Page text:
How to Plan for Staff Emergencies

Emergency pull

by Jessi Burg

If you run a business, you know to expect the unexpected. Inevitably, at some point in time, you and your team members are going to have emergencies. You’re also going to want to take a vacation. This week, we’re going to talk about planning for time off, whether it’s expected or not.

Whether someone gets sick, injured, or has personal stuff going on, the idea is the same. Every one of your staff members should be able to take time off without it disrupting the efficiency of the company. From a company perspective, you also want to make sure that if one of your employees moves away from your company, you’ll be able to run without that position while you hire. 

This can be difficult to manage with a small business, particularly if you’re a one man show or you only have a few employees. But however difficult it may seem, preparing for the worst ahead of time will be a game changer for you when the worst actually does happen. 

Here are a few ways to ensure that everyone in your organization, including you, can take time off.

Cross-Training Strategies

There should not be one single access point of information anywhere in your organization. For example, if one of your employees sends out the weekly email newsletter, you want to make sure that there’s accessible information to allow someone else to send it in the case that that person is out of the office. The same goes for all of the tasks in your business, like answering the phones, scheduling, project managing, etc.

Standard Operating Procedures (SOPs)

SOPs are the written, step by step instructions you keep on file detailing how to do a designated task. The document should detail each individual step to avoid any room for error when the task is being duplicated by someone new. SOPs should be written by the employee who is the expert in that area, and who you trust to train others on how to do it right.

Divide Up Responsibilities

We tend to think that cross training someone means that an employee is expected to know how to do somebody else’s entire job on a whim. But really, it just means that they’ve been trained in that area and are capable of picking up the slack if need be. If everyone is cross trained, then the tasks of an out of office employee can be divided up amongst a few people if necessary.


If an out of office employee has been working on a lengthy project, putting the project on hold for a couple of days shouldn’t derail the process. If it’s something that can wait, and will take pressure and stress off of your other employees, then prioritize the more pressing tasks first.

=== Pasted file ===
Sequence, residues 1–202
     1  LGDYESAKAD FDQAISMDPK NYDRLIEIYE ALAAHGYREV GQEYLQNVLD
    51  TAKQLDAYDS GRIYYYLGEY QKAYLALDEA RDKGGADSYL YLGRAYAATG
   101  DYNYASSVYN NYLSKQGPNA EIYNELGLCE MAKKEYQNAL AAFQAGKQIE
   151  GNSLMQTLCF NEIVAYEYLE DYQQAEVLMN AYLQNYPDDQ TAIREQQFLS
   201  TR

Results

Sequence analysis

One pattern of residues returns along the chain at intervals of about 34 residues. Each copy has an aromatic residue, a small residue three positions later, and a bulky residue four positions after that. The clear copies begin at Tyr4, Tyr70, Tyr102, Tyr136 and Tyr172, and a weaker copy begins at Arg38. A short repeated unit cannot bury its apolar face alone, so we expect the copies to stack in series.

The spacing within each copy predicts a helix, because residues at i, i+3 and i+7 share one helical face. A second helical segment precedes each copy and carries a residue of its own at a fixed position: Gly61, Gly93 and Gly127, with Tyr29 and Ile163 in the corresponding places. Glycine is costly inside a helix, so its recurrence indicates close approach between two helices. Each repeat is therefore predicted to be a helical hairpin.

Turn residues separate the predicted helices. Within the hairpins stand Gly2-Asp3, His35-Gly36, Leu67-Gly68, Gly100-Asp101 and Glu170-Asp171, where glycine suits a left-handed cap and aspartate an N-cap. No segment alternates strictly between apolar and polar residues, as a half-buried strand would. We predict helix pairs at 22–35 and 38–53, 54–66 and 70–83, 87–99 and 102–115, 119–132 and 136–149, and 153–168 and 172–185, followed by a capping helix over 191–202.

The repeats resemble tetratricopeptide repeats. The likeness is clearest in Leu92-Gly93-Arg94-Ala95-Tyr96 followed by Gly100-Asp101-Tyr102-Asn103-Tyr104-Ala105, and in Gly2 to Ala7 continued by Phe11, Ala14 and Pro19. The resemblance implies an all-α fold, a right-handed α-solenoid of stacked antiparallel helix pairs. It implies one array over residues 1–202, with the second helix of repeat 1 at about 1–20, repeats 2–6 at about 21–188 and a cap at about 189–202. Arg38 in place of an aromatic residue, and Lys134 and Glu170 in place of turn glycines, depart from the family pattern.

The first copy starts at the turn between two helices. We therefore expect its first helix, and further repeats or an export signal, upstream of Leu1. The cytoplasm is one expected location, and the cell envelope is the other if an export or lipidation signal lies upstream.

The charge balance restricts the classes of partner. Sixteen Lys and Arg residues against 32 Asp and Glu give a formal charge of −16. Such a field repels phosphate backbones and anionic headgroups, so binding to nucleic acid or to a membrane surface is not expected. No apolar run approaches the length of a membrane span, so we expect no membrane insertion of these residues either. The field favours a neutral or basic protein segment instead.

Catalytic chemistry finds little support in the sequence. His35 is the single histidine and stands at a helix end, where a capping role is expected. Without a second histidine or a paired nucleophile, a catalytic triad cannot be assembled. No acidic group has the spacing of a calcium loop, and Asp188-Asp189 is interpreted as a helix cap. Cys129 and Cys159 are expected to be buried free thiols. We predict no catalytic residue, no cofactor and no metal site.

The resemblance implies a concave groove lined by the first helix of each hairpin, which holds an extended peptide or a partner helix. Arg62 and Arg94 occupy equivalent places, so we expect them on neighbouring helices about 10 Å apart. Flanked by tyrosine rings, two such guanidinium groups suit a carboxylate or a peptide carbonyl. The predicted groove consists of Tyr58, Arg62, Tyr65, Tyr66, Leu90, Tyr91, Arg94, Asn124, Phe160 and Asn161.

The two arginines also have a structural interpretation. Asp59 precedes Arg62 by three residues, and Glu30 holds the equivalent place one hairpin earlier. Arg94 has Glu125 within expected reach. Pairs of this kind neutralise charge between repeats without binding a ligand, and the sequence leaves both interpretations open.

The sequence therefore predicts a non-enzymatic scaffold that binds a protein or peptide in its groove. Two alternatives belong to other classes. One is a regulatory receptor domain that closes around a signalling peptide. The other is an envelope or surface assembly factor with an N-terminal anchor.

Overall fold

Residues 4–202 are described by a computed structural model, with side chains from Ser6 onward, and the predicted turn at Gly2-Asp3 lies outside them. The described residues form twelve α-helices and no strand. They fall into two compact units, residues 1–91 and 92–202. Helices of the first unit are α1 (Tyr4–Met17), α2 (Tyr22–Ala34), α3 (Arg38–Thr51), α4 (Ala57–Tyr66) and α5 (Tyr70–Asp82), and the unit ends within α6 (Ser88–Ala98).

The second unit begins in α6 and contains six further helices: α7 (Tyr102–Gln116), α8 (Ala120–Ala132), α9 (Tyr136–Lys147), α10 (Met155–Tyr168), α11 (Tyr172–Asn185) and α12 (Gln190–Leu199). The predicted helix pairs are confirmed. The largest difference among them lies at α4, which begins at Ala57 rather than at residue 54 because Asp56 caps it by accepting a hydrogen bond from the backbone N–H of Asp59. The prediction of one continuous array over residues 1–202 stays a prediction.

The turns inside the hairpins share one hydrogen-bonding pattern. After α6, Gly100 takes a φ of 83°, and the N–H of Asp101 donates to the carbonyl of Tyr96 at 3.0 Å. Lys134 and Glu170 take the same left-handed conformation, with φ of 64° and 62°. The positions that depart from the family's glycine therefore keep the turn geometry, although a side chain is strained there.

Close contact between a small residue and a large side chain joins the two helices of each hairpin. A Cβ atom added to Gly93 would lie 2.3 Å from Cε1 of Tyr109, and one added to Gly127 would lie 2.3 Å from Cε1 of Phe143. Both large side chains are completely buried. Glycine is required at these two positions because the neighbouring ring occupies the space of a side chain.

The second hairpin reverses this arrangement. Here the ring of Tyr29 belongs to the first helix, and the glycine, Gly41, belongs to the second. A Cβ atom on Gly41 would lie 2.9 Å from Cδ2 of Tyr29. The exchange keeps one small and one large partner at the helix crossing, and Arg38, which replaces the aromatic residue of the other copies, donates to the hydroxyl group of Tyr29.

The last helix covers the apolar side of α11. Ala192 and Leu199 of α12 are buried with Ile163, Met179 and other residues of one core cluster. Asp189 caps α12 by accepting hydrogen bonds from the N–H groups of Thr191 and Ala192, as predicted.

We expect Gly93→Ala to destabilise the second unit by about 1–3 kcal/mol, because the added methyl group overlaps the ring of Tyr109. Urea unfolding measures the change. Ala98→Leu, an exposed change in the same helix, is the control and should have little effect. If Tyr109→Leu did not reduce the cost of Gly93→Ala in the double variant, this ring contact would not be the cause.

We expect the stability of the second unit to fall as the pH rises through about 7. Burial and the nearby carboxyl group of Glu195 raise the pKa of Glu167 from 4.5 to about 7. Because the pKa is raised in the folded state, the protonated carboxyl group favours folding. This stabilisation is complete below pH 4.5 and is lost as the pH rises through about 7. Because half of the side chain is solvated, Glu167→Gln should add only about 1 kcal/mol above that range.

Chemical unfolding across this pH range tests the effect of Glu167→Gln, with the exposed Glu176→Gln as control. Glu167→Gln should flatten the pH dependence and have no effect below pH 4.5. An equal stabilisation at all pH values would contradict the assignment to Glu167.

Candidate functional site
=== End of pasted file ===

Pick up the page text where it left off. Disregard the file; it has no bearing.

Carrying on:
Utilize Your Processes 

Having SOPs won’t matter unless you actually put them to use. When someone is out of office, try not to call them to ask about the details of their job. Fill in the blanks using the processes you already built. That way, if they want to take a two week vacation, they can do so without being pestered by work.

Adjust Your Expectations

When someone does a job every day, they become much more proficient at it. If that employee takes a few days off, it’s likely that the person filling in won’t be as skilled in those areas. It’s okay if things move a little slower for that period of time, or if there are other tasks that need to be postponed. The key is not expecting your company to do the same quantity and quality of work with 4 people as it did with 5.

With SOPs and a solid cross training process, if an employee decides to leave your company, you don’t have to count on them to quickly train other employees once they are gone. Having one person with most of the capabilities and information that holds your company together is a recipe for disaster.

Let’s say you are the sole employee in your business. Are there contractors you can hire to help offload some of your work if you need a couple days off? Do you have a method of communication set up for your clients when you’re gone? Nobody likes being left in the dark! 

As a solo-preneur, make sure that you have pre-existing methods of communication to let your clients know what’s going on. You can use your vacation responder to tell them the plan for their project, who they can reach out to in the meantime, how long you will be out of the office, etc. As long as they know you are gone and what your expected return date is, you’re much less likely to run into issues. 

No one plans for an emergency, but you and your employees should be able to take time off while communicating with clients and coworkers about what the expectations are. 

For extra information and resources, drop into one of our Co-Working & Office Hours sessions to discuss ways to emergencies within your business!

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